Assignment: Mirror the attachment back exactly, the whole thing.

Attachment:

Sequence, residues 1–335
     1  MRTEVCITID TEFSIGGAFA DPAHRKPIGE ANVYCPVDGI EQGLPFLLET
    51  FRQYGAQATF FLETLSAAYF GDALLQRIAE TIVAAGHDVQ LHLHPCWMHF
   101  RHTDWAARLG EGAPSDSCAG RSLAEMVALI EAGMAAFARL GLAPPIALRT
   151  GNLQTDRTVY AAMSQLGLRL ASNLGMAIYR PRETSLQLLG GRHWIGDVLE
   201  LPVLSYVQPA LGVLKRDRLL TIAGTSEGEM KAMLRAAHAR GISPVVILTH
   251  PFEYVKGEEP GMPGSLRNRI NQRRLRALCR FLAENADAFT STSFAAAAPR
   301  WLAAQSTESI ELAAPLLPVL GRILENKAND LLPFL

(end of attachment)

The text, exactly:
Sequence, residues 1–335
     1  MRTEVCITID TEFSIGGAFA DPAHRKPIGE ANVYCPVDGI EQGLPFLLET
    51  FRQYGAQATF FLETLSAAYF GDALLQRIAE TIVAAGHDVQ LHLHPCWMHF
   101  RHTDWAARLG EGAPSDSCAG RSLAEMVALI EAGMAAFARL GLAPPIALRT
   151  GNLQTDRTVY AAMSQLGLRL ASNLGMAIYR PRETSLQLLG GRHWIGDVLE
   201  LPVLSYVQPA LGVLKRDRLL TIAGTSEGEM KAMLRAAHAR GISPVVILTH
   251  PFEYVKGEEP GMPGSLRNRI NQRRLRALCR FLAENADAFT STSFAAAAPR
   301  WLAAQSTESI ELAAPLLPVL GRILENKAND LLPFL